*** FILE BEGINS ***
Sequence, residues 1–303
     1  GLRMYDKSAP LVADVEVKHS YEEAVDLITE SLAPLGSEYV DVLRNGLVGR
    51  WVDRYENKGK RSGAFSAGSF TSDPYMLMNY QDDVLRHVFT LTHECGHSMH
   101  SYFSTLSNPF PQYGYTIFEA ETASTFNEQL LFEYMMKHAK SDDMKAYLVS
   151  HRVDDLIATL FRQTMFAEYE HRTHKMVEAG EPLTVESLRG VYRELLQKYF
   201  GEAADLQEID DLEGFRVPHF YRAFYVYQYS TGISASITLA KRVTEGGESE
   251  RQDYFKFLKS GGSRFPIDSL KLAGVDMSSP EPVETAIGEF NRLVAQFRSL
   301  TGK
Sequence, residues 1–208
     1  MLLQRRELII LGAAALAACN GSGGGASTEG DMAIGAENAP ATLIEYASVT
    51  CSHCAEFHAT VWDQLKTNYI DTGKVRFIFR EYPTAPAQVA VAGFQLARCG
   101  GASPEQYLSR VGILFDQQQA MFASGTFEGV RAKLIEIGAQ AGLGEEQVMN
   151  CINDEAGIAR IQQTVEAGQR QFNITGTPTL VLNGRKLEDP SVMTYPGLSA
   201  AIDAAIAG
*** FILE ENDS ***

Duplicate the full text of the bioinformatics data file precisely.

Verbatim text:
Sequence, residues 1–303
     1  GLRMYDKSAP LVADVEVKHS YEEAVDLITE SLAPLGSEYV DVLRNGLVGR
    51  WVDRYENKGK RSGAFSAGSF TSDPYMLMNY QDDVLRHVFT LTHECGHSMH
   101  SYFSTLSNPF PQYGYTIFEA ETASTFNEQL LFEYMMKHAK SDDMKAYLVS
   151  HRVDDLIATL FRQTMFAEYE HRTHKMVEAG EPLTVESLRG VYRELLQKYF
   201  GEAADLQEID DLEGFRVPHF YRAFYVYQYS TGISASITLA KRVTEGGESE
   251  RQDYFKFLKS GGSRFPIDSL KLAGVDMSSP EPVETAIGEF NRLVAQFRSL
   301  TGK
Sequence, residues 1–208
     1  MLLQRRELII LGAAALAACN GSGGGASTEG DMAIGAENAP ATLIEYASVT
    51  CSHCAEFHAT VWDQLKTNYI DTGKVRFIFR EYPTAPAQVA VAGFQLARCG
   101  GASPEQYLSR VGILFDQQQA MFASGTFEGV RAKLIEIGAQ AGLGEEQVMN
   151  CINDEAGIAR IQQTVEAGQR QFNITGTPTL VLNGRKLEDP SVMTYPGLSA
   201  AIDAAIAG